Posthumous pardon denied for man executed for arson deaths; lawyers had cited new evidence
The Texas Board of Pardons and Paroles has refused to issue a posthumous pardon for Cameron Todd Willingham, executed in 2004 for the arson deaths of his three children.
Innocence Project co-director Barry Scheck criticized the decision, report the New York Times, the Houston Chronicle and the Texas Tribune. The decision the “illustrates that the clemency system is completely broken in Texas,” he said.
The Innocence Project contends the state used “discredited” scientific evidence to establish arson in the case against Willingham. The group also cites new evidence suggesting that a jailhouse informant who testified about a confession by Willingham falsely told jurors he received no benefit by testifying.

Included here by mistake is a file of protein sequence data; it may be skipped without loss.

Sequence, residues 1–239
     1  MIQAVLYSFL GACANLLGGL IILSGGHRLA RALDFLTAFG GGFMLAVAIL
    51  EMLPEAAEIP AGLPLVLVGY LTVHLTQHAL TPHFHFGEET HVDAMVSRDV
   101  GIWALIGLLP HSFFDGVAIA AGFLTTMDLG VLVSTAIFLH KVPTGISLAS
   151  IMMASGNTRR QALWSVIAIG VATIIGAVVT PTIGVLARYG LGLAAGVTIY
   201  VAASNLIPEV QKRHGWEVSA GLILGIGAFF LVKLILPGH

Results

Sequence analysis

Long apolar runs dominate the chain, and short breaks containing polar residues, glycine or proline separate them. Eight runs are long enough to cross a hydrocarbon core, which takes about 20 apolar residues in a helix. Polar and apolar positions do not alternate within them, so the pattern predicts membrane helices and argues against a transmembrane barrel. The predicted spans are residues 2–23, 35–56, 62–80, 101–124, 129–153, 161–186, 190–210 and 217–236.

The new evidence consists of a note in the District Attorney’s file that said “based on coop in Willingham,” the jailhouse informant would receive a less severe classification than first-degree robbery, the charge that sent him to jail, the Texas Tribune says. The prosecutor has said he made no promises to the jailhouse informant.
ABAJournal.com: “Family of executed man seeks investigation into possible innocence”